Tuesday, July 28, 2020

Anne Baring and the Rise of the Feminine

"I Rest in You, A Seed" (1992)

"Perhaps we can now understand that the concept of soul embraces an immense web or matrix of relationships which is concealed behind the veil of matter. But can we also understand soul to include visible nature; the physical aspect or manifestation of life which arises out of the invisible, out of what cannot be seen, rather like the stem of a flower arises out of the depths of the soil or the stars emerge in the night sky?"

 Recently I had one of those short conversations about the importance of myth, spirituality and symbolism in the face of overwhelming "here and now" problems with a woman who is very involved in feminism and women's issues. We were standing in line together, and she asked me, after I'd shown her a book I had in my hand on Goddess culture and contemporary Women's Spirituality, if I believed this was really important in the face of the huge global issues of gender inequality and injustice?

Whew.  I couldn't answer that one in 5 minutes, no way.  I said yes, which was about the best I could do at the moment.  Then went home and found a book by Jungian psychologist Anne Baring, whose eloquence on the subject far exceeds my own, at least with the printed word.  It helps to share it here....

I operate from a construct of ideas that have become second nature to me and my contemporaries, assumptions that it is often easy to forget others may not be familiar with.  Archaeologist Maria Gimbutas, and activist philosopher Riane Eisler, for example,  have been very influential in informing my worldview.

It's interesting to me that when I speak of the "return of the Goddess", so many people take this to mean the ascendancy of a female hierarchy, much as there is currently a long established hierarchy based on male values and power. Patriarchal culture and psychology is profoundly based on heirarchical thinking (the "alpha male system") and as I have so many times noted, hierarchal thinking, and the trivialization of anything that is "feminine identified" is deeply, unconsciously, and systematically embedded in our cultural paradigm.  To talk about the Goddess, be it women's spirituality, myth, or Mother Earth, requires stepping way out of the conventional box on many levels.  Remember:  the three great Western religions have a God with no wife, no mother, no daughter.  Just open the Bible, and witness the complete erasure of the Goddess.  And is there a "Book of Ruth" or a "Gospel of Sarah"?  You might have noticed that there is no such thing.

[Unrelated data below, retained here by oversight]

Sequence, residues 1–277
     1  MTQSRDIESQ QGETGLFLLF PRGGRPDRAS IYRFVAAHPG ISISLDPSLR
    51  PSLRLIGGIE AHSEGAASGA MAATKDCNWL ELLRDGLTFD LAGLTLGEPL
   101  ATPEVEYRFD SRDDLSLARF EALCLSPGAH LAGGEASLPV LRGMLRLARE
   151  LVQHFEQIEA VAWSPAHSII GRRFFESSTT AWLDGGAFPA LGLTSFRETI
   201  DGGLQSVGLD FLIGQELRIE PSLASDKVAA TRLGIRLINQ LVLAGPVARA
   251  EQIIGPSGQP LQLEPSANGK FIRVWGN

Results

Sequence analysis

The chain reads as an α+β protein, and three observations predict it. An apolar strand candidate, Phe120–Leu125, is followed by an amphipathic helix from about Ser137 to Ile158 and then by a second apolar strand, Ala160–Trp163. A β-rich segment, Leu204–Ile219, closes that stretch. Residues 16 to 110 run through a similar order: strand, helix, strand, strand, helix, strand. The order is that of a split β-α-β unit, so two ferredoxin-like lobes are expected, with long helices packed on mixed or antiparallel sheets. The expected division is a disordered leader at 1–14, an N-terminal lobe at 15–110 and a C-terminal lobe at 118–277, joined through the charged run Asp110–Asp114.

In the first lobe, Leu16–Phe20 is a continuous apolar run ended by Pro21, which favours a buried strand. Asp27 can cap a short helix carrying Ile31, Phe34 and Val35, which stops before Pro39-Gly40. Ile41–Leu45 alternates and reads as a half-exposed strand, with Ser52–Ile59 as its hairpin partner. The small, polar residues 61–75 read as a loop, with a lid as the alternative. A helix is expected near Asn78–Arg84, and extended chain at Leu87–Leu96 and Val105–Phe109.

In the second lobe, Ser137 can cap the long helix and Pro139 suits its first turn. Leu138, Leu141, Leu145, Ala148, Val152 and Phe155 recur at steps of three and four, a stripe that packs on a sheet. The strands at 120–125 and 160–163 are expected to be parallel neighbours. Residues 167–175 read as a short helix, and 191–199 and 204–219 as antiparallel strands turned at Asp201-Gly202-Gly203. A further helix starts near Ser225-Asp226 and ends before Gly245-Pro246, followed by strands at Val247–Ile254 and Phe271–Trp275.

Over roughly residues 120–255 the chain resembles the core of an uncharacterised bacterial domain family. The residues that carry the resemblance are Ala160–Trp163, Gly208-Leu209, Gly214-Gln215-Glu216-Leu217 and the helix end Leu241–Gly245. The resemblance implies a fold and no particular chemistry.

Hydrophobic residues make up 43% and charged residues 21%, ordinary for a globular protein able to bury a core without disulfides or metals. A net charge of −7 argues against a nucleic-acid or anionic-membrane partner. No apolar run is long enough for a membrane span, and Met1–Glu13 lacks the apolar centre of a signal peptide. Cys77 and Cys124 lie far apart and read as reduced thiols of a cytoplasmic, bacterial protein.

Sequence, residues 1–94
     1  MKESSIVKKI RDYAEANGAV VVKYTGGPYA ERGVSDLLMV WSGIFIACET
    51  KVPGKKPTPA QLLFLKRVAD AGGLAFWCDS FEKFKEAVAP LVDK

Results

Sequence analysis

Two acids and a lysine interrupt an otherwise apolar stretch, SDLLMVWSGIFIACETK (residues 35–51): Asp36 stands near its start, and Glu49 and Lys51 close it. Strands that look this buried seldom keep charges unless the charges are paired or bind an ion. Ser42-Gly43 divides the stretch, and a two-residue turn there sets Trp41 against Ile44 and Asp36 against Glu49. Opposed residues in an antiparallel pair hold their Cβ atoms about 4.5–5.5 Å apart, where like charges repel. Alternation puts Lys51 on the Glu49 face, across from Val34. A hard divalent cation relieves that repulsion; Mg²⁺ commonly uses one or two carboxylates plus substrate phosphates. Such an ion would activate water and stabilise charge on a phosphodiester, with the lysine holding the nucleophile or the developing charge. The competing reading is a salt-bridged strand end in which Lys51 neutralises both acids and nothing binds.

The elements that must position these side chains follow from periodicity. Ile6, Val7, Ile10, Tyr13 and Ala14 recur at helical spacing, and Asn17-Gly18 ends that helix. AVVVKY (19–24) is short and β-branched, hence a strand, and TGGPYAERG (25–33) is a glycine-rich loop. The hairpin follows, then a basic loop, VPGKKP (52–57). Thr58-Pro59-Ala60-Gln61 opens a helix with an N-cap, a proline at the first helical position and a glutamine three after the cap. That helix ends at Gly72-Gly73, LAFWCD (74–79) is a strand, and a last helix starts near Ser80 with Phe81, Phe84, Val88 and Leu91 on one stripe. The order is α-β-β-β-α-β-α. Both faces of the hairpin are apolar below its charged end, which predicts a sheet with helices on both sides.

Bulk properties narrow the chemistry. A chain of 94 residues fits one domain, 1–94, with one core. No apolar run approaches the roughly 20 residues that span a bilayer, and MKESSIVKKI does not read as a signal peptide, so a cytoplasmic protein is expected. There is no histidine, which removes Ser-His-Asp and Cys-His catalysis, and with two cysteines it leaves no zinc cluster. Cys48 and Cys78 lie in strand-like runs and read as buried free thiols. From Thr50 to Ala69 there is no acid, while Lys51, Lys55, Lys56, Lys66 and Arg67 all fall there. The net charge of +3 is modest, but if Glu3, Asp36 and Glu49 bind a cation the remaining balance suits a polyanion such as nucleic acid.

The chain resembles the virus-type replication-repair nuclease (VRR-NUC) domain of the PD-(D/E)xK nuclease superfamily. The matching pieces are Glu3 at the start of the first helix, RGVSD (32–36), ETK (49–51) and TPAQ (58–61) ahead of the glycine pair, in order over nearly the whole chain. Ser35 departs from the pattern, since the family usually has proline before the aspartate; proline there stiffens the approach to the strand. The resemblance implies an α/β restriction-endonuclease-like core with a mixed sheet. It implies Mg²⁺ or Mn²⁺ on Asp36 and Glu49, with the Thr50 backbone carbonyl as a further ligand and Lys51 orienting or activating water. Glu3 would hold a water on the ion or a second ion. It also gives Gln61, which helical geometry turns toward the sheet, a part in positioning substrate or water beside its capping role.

But if one doesn't believe we live in a cultural construct that is patriarchal,  just  look around and see where the priorities lie.  Education, environment, children,  healthcare,  all are secondary in budget, and in importance, and with the Trump regime, virtually all of these life affirming thins are under attack.  We spen 60% of our tax dollars on the military, and take a look at the media:  a continual and ongoing preoccupation with war,m violence, and, of course, the rape and murder of young women.  The Descent of the Goddess, and the descent of woman, is a long and sad story, and one best seen in the evolution of mythology (and religions are mythologies as well).

"The religions of the last 2500 years - all formulated by men - were, not unsurprisingly, focused on the masculine aspect of spirit and neglected the feminine aspect of it. They excluded from the word 'spirit' nature, body and the material world. What was once imagined as the Great Mother - all nature and her mystery - came to be seen as separate from spirit and desacralised. (Giordano Bruno was burnt at the stake in 1600 for refusing to deny that God was present in nature). 
We need now to bring together body, soul and spirit so that life is not so fragmented, so that we know ourselves in our wholeness, know that our lives, our consciousness, our being and our body, are inseparable from the life and consciousness and being of the universe.  The effects of the loss of the feminine aspect of spirit on our civilisation are incalculable. Instinctive knowledge of the holy unity of things, reverence for the complexity and inter-relatedness of all aspects of life, trust in the powers of the imagination and exercise of the faculty of intuition - all this as a way of relating to life through participation rather than through dominance and control, was gradually lost."

"The Goddess" (1982)
Effects of the return of the feminine principle: 

-Return of the idea of cosmic soul or anima-mundi. 

-Recovery of a sense of relationship with nature. 
-Recovery of a sense of the sacred. 
-Recovery of the instinctive, feeling values that are so vitally important for our connection   with soul  and spirit. 
-A better balance between thinking and feeling 
-Greater sensitivity to other people's needs and feelings in the field of human relationships. A sense of global connection with others. 
-A greater respect for the body  
Anne Baring

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